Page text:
That is not true.
The quota was exceeded for the first time in Natal in 1979, and the hon member for Lichtenburg was the Deputy Minister then.
I did not exceed it.
Then who did? It certainly was not exceeded by me. Let us take a brief look at a few things. I have here a report which is issued by the Auditor-General annually, a report about exceeding the quota. I have the report for 1978-79, as presented to Parliament by the Auditor-General. It states that the quota was exceeded in the case of Natal. I have the report here, as I have said, and if the hon member wishes to see it, I can make it available to him.
Mr Speaker, may I put a question to the hon the Deputy Minister?
Sir, I shall afford the hon member the opportunity to put a question to me, but it must be the last one. He has had his turn to speak, and I do not know why he wants to make another speech by way of questions.
Mr Speaker, in order to have been able to exceed the quota, I would have had to purchase land which was not approved by Parliament in 1975, and I now ask the hon the Deputy Minister to give me an indication of when land was purchased that was not approved by Parliament.
The hon member reminds me of Shakespeare: “The lady protesteth too much.” It indicates very clearly here that the quota was exceeded by 30 574 ha in Natal in 1979-80. This was reported to Parliament. Apart from the fact that it took place under the administration of the hon member, the hon member for Sunnyside was a member of the Select Committee on Public Accounts. Did he ever report this matter to the hon member for Lichtenburg? That was before the establishment of the CP. He was a member of the Select Committee on Public Accounts in 1979. Can he dispute that? He did not object, however. Let us go a little further. In 1980-81 the quota was exceeded by 43 396 ha in Natal.
Who was the Deputy Minister then?
It is quite correct that there was a different Deputy Minister then, and I am not complaining about that. However, the hon member intimated that no quotas were exceeded in his time, but quotas were in fact exceeded in his time, and that is the only point I want to make. I shall give further figures in a moment. The Auditor-General reports that the quota was exceeded by more than 43 000 ha in Natal in 1980-81. Do hon members know who served on the Select Committee on Public Accounts then? The hon members for Barberton and Sunnyside! As far as I could ascertain, they have not expressed an opinion about this, but if they have, they must correct me, since I do not want to do them an injustice. [Interjections.] I find that the Auditor-General reports in respect of 1982-83 that the quota was exceeded by 136 000 ha in the case of the Transvaal, and by 58 000 ha in the case of Natal.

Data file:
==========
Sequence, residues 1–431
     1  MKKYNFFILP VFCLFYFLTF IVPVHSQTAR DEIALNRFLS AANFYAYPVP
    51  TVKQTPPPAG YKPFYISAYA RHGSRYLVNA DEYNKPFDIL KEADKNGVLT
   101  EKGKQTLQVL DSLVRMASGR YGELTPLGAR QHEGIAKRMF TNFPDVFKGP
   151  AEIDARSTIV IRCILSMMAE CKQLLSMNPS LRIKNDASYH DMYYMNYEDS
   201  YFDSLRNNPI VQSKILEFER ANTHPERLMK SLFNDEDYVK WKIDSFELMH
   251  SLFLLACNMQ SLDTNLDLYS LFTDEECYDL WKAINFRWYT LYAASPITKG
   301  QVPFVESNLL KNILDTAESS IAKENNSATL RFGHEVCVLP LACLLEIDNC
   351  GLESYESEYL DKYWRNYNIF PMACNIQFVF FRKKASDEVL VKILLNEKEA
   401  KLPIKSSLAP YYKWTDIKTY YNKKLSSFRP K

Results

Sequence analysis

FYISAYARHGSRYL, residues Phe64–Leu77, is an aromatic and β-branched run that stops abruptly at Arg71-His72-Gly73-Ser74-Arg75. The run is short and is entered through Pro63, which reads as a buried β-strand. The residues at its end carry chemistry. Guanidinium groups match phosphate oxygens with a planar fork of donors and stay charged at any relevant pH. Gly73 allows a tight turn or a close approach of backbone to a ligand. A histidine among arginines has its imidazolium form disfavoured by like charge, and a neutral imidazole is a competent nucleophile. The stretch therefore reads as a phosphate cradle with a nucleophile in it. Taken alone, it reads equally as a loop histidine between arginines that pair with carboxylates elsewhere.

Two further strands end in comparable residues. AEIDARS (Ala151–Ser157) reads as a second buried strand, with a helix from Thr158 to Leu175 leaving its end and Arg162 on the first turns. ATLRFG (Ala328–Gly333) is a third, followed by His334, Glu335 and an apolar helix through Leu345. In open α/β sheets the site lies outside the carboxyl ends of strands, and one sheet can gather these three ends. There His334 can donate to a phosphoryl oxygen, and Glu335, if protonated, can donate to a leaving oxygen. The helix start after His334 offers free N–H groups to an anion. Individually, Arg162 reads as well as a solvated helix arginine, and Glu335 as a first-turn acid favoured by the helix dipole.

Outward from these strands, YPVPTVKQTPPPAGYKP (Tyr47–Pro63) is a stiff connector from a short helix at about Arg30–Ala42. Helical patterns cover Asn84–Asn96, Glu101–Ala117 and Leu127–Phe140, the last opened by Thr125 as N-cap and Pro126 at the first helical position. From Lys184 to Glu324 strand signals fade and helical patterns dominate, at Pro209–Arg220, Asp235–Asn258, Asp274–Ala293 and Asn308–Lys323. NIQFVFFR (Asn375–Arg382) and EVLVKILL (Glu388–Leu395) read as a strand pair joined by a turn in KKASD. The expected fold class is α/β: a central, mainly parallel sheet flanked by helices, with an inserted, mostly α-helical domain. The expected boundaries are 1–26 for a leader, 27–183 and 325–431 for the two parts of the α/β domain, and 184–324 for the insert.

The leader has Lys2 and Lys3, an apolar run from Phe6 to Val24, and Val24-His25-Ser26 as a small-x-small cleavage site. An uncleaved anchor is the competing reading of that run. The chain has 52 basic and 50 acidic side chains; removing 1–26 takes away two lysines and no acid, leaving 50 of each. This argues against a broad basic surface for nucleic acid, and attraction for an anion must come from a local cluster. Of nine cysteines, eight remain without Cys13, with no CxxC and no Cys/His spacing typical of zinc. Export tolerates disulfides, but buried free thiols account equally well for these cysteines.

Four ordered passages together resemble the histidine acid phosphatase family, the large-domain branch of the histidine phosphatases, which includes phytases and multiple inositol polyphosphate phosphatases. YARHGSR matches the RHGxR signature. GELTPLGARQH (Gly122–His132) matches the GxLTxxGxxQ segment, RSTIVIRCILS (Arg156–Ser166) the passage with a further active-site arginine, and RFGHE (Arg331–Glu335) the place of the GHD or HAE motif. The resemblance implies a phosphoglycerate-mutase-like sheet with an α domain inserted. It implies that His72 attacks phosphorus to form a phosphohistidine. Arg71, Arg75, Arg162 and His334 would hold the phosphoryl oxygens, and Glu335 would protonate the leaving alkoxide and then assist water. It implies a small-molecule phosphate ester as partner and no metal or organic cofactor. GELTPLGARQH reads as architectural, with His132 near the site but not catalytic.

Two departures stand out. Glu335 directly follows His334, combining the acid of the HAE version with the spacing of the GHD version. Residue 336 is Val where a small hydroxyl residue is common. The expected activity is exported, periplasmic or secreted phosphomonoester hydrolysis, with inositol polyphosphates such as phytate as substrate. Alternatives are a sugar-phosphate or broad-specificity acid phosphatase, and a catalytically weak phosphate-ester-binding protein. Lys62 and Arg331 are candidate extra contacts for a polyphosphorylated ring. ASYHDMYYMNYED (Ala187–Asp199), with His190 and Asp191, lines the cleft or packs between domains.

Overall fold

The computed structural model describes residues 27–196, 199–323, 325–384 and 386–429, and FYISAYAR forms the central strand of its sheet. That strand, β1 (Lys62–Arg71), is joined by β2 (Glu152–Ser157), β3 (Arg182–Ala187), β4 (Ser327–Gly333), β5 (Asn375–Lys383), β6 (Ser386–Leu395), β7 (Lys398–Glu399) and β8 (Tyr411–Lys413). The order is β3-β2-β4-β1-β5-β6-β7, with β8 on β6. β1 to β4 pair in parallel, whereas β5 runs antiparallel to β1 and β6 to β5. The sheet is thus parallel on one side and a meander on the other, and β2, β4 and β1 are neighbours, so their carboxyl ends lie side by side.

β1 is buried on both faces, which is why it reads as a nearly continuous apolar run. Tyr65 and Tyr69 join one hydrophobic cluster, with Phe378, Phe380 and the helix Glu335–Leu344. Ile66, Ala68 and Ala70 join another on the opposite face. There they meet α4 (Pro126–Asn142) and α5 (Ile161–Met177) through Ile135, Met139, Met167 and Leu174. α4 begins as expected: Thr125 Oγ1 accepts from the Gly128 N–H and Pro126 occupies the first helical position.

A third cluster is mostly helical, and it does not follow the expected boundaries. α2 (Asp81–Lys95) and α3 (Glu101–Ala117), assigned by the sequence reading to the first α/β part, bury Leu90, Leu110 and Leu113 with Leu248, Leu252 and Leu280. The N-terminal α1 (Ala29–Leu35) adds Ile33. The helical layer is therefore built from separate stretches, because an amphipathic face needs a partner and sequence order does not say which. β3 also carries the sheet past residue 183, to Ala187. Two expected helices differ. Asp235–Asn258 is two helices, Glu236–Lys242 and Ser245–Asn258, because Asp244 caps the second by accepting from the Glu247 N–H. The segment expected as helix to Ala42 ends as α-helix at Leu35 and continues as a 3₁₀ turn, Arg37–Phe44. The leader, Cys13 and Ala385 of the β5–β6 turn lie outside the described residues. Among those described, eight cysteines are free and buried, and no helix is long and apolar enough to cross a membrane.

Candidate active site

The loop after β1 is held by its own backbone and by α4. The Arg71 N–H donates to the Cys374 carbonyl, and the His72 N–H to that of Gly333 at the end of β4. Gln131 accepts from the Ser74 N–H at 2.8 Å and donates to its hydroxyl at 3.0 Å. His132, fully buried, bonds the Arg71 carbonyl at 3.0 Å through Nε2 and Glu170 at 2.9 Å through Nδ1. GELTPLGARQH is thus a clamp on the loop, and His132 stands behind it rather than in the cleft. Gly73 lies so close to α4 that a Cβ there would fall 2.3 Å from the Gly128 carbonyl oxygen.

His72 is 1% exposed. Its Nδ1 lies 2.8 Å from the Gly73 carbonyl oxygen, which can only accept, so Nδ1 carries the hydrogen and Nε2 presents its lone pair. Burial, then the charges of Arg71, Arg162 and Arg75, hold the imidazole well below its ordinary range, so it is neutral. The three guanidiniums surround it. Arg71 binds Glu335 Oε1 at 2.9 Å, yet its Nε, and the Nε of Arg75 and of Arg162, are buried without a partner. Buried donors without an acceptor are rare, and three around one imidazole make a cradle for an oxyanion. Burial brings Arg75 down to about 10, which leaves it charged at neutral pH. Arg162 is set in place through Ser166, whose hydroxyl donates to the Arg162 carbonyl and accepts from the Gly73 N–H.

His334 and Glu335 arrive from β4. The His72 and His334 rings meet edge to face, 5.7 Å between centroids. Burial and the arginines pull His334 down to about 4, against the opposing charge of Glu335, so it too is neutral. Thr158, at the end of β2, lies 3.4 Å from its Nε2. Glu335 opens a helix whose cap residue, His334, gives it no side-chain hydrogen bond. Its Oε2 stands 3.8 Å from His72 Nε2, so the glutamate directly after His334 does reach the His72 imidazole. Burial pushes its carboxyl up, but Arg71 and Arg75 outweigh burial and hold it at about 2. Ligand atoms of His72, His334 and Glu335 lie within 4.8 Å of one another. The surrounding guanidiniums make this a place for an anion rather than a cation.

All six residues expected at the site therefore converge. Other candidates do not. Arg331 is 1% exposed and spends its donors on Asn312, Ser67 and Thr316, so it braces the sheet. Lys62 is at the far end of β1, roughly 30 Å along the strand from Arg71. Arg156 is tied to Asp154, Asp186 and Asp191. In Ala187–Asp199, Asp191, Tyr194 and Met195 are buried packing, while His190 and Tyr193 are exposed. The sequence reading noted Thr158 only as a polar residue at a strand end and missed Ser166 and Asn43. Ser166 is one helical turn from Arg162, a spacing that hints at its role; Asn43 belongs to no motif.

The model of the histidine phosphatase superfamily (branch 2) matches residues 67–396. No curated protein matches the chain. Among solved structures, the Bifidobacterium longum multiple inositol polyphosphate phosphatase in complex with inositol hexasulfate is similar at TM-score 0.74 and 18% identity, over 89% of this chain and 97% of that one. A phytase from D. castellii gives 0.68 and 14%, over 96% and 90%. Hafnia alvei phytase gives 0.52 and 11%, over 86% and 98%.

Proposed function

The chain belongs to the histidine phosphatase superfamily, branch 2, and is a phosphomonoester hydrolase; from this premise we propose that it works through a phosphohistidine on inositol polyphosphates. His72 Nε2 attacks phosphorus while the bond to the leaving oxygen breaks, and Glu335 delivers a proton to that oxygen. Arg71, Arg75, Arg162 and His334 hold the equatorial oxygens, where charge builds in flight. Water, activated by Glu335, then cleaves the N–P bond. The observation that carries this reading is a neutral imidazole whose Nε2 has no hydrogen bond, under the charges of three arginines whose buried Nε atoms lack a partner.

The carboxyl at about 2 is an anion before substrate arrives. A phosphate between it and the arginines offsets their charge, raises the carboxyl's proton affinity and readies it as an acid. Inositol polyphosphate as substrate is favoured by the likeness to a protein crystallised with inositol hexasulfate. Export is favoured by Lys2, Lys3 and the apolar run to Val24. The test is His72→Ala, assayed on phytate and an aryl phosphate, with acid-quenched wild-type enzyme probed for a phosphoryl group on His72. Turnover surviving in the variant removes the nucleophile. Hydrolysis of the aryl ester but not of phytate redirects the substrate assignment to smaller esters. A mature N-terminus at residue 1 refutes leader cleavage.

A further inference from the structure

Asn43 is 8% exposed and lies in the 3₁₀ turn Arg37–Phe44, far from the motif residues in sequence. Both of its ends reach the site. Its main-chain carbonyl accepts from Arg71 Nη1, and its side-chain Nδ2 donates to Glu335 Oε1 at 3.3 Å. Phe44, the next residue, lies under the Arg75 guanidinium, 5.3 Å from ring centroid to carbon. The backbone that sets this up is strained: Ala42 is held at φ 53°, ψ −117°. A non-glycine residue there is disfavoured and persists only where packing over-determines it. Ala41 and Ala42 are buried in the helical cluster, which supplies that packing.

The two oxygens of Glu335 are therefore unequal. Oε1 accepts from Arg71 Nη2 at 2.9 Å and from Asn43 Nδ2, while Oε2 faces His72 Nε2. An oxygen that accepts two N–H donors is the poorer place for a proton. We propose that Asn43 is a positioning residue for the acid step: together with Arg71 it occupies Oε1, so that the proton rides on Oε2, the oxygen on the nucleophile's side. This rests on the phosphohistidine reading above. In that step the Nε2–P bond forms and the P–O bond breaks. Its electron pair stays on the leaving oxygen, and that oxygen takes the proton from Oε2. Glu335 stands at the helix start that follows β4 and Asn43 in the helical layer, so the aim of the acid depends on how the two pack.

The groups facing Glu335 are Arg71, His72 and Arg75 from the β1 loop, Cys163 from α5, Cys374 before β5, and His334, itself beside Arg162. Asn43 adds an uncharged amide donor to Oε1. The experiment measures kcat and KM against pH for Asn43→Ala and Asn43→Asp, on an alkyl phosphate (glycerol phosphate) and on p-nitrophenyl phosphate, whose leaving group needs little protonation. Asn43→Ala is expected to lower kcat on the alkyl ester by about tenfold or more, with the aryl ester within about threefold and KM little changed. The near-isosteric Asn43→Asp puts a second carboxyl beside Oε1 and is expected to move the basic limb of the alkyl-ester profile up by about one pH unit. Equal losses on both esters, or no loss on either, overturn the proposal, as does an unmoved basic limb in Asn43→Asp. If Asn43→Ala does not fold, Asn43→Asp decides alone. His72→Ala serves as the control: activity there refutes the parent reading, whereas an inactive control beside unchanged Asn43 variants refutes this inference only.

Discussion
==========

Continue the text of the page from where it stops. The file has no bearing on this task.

He is talking nonsense now. [Interjections.]
Is the hon member really so arrogant as to tell me that I am talking nonsense when I am quoting from official documents of this House? With respect, Sir, the hon member should be called to order because he is questioning official documents of this House.
I shall enter the debate during the Committee Stage.
I only hope that the hon member is not going to exit at the same time. [Interjections.]
I say that 136 000 ha is a disturbing quantity by which to exceed the 1936 quota.
The hon member can hold that opinion if he wishes, but that is not the point I want to make. I can find no fault with the hon member’s opinion that it is disturbing. What I find so dreadfully disturbing is that the hon members of the Select Committee on Public Accounts, who belong to the hon member’s party, did not do their duty and report it to the hon member. I find this disturbing. What I find still more disturbing is the fact that they did not make a point of …
At that time they were still members of the NP.
Was the hon member a member of the NP in 1982-83? [Interjections.] Why, then, does that hon member talk nonsense?
May I ask the hon the Deputy Minister a question?
No, the hon member forfeited his turn to speak by talking a lot of nonsense.
The hon member said that I should give him the assurance that farmers would be given priority as regards the leasing of land purchased by the SA Development Trust. I just want to remind the hon member that the SADT did not purchase the land in order to lease it to farmers but for the purpose of consolidation with Black national states. It is true that farmers obtain the opportunity to lease that land if for some reason it cannot be transferred immediately to the national states. However, when there is a project on such land which has to be protected and for which the necessary skills are not yet available in the national state, the land is transferred to the Development Corporation for the further expansion and development of this specific project, and surely no fault can be found with that. The hon member cannot expect the department to give him the assurance that land will not be transferred to the development corporations but to specific farmers. They might as well go and tell that to the people of Potgietersrus right away. They are sure to find some way of putting it so as to give the impression that the Government is against the farmers.